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          Podocyte Damage Resulting in Podocyturia: A Potential Diagnostic Marker to Assess Glomerular Disease Activity

          A decrease in podocyte number contributes to the development of glomerulosclerosis in most forms of glomerular disease [ 1 , 2 , 3 , 4 , 5 ]. Traditionally, it has been argued that this decrease may be caused by the inability of podocytes to proliferate and replace those lost following immune, metabolic, toxic or hemodynamic injury. These data contrast with recent studies showing that podocytes are able to enter the cell cycle after injury, to progress through the different phases of the cell cycle and even enter mitosis. However, experimental and human data suggest that entry of podocytes into the cell cycle may result in reduced adhesion to the glomerular basement membrane with subsequent loss of podocytes into the urine and excretion of both viable and apoptotic podocytes. Viable urinary podocytes can be cultivated ex vivo for up to 2–3 weeks and in experimental models precede the onset of proteinuria. More importantly, podocyturia can decrease despite persistent proteinuria. The latter observation suggests that podocyturia may serve as the first non-invasive marker of ‘active’ glomerular damage and might thus drive therapeutic interventions in the future. However, at present technical issues still prevent a broad clinical application of podocyturia detection in clinical practice.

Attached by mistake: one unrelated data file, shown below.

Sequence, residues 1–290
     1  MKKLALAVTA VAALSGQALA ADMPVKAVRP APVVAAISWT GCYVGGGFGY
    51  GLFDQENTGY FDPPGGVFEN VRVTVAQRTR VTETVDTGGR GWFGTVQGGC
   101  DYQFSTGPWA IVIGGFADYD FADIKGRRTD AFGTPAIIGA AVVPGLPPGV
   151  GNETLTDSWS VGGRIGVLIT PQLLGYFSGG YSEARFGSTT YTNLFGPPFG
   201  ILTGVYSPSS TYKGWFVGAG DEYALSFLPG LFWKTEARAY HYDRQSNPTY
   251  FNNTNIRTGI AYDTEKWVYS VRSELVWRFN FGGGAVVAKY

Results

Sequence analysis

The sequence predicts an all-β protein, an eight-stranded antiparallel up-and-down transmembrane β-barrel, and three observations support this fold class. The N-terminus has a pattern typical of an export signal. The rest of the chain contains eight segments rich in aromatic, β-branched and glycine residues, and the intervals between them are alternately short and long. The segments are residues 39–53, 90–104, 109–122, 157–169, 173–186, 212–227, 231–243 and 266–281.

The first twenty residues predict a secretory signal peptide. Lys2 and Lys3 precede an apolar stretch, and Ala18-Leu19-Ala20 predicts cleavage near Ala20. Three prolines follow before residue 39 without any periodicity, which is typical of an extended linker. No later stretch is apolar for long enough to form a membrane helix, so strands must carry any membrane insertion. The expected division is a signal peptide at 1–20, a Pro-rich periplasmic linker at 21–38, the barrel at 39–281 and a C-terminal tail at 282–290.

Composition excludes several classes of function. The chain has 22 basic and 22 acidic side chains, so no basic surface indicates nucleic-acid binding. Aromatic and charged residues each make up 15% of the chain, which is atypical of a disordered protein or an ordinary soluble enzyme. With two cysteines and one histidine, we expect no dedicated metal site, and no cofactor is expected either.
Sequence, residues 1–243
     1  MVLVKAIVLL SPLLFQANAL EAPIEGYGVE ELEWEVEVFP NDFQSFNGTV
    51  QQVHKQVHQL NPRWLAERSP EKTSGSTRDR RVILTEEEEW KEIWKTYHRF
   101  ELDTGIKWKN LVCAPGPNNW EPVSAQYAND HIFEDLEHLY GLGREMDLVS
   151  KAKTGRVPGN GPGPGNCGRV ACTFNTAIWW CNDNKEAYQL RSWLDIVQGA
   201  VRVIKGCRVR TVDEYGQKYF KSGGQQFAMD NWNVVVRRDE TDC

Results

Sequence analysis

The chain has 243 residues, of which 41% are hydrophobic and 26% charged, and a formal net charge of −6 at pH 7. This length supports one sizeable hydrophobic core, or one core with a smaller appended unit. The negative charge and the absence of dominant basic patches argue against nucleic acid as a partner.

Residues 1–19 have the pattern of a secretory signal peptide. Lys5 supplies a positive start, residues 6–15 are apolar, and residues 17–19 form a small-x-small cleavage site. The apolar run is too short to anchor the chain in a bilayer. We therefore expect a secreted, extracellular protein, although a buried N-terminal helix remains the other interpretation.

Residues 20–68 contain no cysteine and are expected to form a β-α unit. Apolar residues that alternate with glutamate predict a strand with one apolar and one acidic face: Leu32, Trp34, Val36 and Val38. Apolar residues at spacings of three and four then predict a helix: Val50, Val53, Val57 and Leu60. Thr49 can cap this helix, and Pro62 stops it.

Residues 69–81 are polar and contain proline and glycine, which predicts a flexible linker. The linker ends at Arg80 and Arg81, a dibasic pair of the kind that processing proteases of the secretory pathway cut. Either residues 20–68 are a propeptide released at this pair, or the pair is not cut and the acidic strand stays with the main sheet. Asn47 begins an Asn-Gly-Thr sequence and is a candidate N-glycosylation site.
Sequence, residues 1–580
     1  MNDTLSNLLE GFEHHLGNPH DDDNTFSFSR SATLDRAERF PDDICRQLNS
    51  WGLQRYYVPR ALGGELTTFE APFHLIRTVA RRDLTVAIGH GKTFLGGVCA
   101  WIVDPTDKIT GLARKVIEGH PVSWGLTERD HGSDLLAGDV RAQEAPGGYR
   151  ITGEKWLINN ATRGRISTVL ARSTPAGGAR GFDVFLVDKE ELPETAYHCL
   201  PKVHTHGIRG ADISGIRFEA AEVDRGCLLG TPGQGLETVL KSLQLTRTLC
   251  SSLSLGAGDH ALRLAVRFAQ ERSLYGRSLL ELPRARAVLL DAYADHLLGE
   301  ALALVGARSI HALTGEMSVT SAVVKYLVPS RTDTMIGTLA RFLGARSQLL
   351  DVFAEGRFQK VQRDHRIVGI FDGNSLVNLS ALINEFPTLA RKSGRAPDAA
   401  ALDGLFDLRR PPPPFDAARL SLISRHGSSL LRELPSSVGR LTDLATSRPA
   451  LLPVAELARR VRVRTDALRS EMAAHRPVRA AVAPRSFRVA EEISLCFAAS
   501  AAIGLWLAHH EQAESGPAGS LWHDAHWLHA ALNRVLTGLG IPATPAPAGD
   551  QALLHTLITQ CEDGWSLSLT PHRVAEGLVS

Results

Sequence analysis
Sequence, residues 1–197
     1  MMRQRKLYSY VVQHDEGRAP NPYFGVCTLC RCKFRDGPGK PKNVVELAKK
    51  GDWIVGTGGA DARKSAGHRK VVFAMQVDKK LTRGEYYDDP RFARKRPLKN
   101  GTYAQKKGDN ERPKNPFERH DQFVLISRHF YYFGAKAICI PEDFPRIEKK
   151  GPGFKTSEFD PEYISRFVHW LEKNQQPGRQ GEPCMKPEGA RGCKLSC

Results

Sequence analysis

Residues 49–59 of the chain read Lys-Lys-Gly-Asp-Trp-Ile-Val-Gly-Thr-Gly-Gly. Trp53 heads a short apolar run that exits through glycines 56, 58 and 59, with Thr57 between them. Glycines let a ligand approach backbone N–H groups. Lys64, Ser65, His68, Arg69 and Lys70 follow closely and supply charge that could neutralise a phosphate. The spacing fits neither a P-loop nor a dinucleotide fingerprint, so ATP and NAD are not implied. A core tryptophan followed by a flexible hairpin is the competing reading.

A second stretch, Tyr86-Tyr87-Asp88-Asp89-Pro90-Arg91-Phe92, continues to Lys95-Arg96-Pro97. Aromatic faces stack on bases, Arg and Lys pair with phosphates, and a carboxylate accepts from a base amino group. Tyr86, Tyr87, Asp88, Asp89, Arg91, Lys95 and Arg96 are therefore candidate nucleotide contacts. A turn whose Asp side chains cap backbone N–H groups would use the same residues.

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            Urinary detection of podocyte injury.

            Glomerular epithelial cell (podocyte) biology has been focused on in the last few years. The emerging understanding in podocyte biology has improved the molecular mechanism knowledge in many glomerular diseases. Urinary podocyte count and measurement of urinary podocyte specific markers (nephrin and podocalyxin) have been developed to detect podocyte injury. We discuss the emerging clinical importance of the urinary podocyte count in experimental and human glomerular disease, as well as measurement of urinary podocyte specific marker.
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              Effect of the antiplatelet drug dilazep dihydrochloride on urinary podocytes in patients in the early stage of diabetic nephropathy

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                Author and article information

                Contributors
                Role: ND
                Role: ND
                Role: ND
                Role: ND
                Role: ND
                Role: ND
                Journal
                jbn
                Jornal Brasileiro de Nefrologia
                J. Bras. Nefrol.
                Sociedade Brasileira de Nefrologia (São Paulo )
                2175-8239
                December 2013
                : 35
                : 4
                : 252-258
                Affiliations
                [1 ] Universidade Federal de São Paulo Brazil
                Article
                S0101-28002013000400004
                10.5935/0101-2800.20130043

                http://creativecommons.org/licenses/by/4.0/

                Product
                Product Information: website
                Categories
                UROLOGY & NEPHROLOGY